Monday, September 14, 2020

Parenting Pointers: Building Resilience in Kids

 Going back to school can be stressful for children in the best of times, but a global pandemic can cause children and parents to worry about both the unknowns of what to expect -- as well as the loss of what was expected. Many US children have not interacted in person with their classmates in months.

Whether a child is returning in person or virtually, their perceived (and real) experience of distance can create feelings of emotional disconnect, making it challenging to return to class with a sense of belonging and inclusion. That feeling of distance may be underscored when students are expected to wear masks and maintain physical distance at all times, including during breaks and lunch. Emotions can fluctuate, especially if a child is hearing more about reasons to be distressed than to build resilience.

It’s important to remember that it’s normal to feel overwhelmed at times, but like all things these feelings are temporary and will change. A parent's daily care and support are the constants they can count on. Author Rayne Lacko is an advocate for the arts as a form of social and emotional well-being and the author of DREAM UP NOW, the Teen Journal for Self-Discovery and A SONG FOR THE ROAD. She shares three keys to managing children's return to school emotions:

  1. Ask questions to build resilience
  2. Leverage change to feel connected
  3. Celebrate courage
I had a chance to interview her to learn more.

Why is it important for parents to help their kids build resilience and courage?

Building resilience equips children to experience positive outcomes in the face of significant adversity. The more resilient a person is, the less they experience stress when dealing with life’s pressures. Building resilience in children helps them to overcome obstacles more easily and decreases the chance of anxiety or other stress-related disorders.

2.      How can questions help kids build resilience?

According to Harvard University’s Center for the Developing Child, the single most common factor for children who develop resilience is at least one stable and committed relationship with a supportive parent, caregiver, or other adult. In supportive adult-child relationships, the caring adult can improve their child’s belief about his/her/their ability to complete a particular task, and their sense of control by asking open-ended questions that indicate a loving interest in the child’s authentic self.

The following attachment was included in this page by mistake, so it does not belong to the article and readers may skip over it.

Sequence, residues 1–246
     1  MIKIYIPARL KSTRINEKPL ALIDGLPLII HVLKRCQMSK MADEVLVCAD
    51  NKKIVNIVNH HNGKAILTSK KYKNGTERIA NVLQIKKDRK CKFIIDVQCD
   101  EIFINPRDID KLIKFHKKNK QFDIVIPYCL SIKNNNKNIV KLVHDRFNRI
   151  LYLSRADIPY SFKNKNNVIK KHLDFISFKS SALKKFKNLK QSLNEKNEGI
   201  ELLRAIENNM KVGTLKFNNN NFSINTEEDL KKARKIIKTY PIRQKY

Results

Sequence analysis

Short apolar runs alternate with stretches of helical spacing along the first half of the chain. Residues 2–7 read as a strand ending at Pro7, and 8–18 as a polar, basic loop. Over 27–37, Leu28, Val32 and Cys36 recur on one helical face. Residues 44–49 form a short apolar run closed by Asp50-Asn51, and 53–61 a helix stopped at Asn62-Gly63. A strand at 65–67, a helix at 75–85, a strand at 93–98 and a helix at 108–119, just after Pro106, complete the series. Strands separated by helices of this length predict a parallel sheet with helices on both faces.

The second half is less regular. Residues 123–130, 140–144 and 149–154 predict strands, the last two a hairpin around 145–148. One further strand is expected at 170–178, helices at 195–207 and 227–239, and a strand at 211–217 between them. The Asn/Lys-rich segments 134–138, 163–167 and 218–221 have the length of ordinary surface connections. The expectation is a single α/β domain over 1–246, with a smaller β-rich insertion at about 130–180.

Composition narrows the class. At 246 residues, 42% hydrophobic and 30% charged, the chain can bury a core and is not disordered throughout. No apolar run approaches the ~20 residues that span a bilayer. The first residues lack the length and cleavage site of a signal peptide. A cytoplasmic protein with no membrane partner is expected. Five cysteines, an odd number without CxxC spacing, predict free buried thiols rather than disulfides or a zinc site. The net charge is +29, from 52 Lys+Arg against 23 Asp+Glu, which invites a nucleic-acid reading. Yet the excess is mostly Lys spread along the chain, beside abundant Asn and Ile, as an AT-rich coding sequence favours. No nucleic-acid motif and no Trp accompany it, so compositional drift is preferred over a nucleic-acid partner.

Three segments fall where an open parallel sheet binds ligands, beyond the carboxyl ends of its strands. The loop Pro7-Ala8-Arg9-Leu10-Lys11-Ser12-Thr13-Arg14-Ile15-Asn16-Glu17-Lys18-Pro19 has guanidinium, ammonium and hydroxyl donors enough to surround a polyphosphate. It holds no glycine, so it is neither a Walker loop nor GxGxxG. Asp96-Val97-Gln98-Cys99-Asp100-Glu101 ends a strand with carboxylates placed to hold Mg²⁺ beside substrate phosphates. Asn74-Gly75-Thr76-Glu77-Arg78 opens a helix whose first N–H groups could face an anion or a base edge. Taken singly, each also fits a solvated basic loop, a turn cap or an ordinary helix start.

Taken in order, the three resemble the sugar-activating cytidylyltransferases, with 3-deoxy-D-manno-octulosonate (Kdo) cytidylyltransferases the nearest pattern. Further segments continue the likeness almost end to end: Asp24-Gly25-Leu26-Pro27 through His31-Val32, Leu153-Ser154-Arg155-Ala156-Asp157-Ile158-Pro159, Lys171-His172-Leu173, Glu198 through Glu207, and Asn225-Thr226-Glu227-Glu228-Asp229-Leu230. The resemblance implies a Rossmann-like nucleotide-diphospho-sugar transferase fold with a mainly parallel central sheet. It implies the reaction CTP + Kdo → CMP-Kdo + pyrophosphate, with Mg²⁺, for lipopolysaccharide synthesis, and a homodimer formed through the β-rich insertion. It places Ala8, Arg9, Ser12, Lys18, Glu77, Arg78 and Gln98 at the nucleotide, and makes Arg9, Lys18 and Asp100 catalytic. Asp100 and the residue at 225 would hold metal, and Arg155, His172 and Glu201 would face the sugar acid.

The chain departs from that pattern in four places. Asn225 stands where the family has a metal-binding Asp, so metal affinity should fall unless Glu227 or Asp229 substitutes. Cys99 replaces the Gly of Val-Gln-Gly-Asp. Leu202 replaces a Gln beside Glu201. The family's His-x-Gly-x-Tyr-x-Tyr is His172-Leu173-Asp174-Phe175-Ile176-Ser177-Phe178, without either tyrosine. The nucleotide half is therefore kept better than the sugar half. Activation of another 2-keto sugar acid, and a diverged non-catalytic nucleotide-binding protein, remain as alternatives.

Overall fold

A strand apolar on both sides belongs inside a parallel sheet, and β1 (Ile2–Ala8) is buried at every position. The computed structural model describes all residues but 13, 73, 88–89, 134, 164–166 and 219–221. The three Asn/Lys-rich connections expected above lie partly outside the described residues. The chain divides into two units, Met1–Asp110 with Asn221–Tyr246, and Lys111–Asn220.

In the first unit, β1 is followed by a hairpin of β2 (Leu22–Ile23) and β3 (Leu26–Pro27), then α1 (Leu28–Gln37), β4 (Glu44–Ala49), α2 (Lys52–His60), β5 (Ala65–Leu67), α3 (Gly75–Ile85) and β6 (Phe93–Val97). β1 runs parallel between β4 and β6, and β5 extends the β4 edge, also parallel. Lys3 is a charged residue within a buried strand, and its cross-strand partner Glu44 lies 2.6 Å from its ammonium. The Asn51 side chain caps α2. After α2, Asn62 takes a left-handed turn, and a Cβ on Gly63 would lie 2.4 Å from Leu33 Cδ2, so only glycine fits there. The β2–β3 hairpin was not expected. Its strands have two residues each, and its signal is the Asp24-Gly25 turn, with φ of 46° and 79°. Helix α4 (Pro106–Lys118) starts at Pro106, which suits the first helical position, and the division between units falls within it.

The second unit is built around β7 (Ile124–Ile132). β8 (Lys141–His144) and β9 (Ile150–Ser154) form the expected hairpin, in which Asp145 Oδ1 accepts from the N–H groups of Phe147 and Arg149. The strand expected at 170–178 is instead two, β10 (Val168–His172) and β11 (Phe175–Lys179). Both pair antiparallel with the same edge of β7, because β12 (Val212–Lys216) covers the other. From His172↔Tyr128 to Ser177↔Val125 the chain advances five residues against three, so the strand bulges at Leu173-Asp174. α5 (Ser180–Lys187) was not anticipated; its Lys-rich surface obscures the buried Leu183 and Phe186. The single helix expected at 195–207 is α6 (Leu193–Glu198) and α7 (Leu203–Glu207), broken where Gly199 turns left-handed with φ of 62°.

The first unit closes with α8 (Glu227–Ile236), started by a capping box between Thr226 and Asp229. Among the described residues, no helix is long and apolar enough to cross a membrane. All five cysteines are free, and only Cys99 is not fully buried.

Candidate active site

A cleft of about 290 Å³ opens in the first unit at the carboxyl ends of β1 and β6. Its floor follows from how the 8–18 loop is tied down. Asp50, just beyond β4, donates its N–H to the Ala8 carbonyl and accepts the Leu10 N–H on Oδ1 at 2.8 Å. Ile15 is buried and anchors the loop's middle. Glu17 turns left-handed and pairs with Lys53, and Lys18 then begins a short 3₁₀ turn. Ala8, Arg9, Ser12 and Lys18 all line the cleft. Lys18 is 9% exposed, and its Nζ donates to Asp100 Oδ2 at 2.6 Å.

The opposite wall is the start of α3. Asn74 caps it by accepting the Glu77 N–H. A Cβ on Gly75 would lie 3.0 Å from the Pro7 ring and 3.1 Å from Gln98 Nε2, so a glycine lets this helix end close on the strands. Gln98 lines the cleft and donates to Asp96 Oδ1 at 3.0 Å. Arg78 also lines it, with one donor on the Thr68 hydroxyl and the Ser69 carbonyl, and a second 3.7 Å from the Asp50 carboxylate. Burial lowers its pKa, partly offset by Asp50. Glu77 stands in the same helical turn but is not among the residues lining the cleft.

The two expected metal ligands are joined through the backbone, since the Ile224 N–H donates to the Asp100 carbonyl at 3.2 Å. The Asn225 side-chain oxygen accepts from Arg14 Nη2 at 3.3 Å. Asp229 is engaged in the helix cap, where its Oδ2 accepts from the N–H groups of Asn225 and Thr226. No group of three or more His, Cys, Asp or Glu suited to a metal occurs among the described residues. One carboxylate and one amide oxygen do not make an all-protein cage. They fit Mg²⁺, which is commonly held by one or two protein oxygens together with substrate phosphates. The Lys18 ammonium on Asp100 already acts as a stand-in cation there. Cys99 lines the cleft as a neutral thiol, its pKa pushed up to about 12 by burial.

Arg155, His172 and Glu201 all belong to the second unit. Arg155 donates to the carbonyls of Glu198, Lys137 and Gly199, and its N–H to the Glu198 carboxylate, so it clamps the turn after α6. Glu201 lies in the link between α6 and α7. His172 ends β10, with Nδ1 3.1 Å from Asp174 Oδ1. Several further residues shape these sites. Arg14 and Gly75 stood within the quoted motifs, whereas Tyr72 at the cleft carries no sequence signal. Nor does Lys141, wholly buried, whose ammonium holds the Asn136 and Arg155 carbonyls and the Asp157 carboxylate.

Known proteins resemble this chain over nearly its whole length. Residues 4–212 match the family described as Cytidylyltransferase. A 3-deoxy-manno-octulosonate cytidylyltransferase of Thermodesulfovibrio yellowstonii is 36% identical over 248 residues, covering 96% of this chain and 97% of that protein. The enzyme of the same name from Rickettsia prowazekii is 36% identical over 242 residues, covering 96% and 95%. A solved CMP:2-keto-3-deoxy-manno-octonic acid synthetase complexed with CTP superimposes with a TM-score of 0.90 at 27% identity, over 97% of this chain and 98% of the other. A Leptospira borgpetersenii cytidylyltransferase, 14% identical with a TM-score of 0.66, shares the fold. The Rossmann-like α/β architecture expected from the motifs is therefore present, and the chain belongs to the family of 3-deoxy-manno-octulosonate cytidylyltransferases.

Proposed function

To put this more simply, when we as parents accept our children for who they are, and encourage them to build a future based on their passions, interests and unique talents, we help them achieve more positive outcomes, and more self-trust and self-acceptance. We can do this by asking questions about the future they most want to see. We can also ask questions that lead to our child’s vision of a desired outcome, giving them a chance to move from complaining about the status quo to actively envisioning a brighter future. Creating a vision of ourselves succeeding is proven to increase desired outcomes—just ask Olympic athletes. The more we avoid obstacles, the more likely our child will begin to doubt their own ability. We must move closer to embracing what we most want for our future.

3.      What are some ways parents can use change in their lives to help kids feel connected?

Change is a constant—and change is a gift. One easy way to feel more connected is to start from an end desire and work backwards. You can do this with your child by envisioning a goal, perhaps an outing to a park with a friend or grandparent. Then, going backwards, think about all the steps necessary to complete that goal. Once you have arrived at what’s needed to make the park the date happen, commit to following through. Doing this can be incredibly bonding—when two or more people share a goal and work toward achieving it together, the shared reward is compounded.

This process is easy for kids to understand, and applies to all sorts of goals. On a large scale, you and your child can define today how you want your future to look by making a set of goals that are important to you. Then, moving backwards from the vision of your desired future, figure out the steps for achieving each goal. Using this simple model, you are equipping your child to leverage the power of change, by showing how they can create the life they want to live simply by taking one step at a time toward their desired future. If they choose not to use this model, then their future will still change from what it looks like today, because change is inevitable. But it’s less likely to be the way they want if they don’t set the goals they personally desire.

4.     How can parents help their kids balance grieving the loss of things that have changed with looking forward to what might be better?

As mentioned in the method above, “looking forward to what might be better” is certainly achievable, especially with your help in completing each goal. That said, grief is natural, and part of building resilience. It is vital to allow your child to express their feelings about their loss. Dream Up Now has a special chapter for addressing the journey from feeling loss, to letting go. It is helpful for your child to find creative means to release their grief, whether it’s by painting or drawing, movement or dance, or creating a small ceremony or ritual that honors the memory of what was lost—even if it’s the temporary passing of team sports or band practice. The grief is real and can be respected as such.

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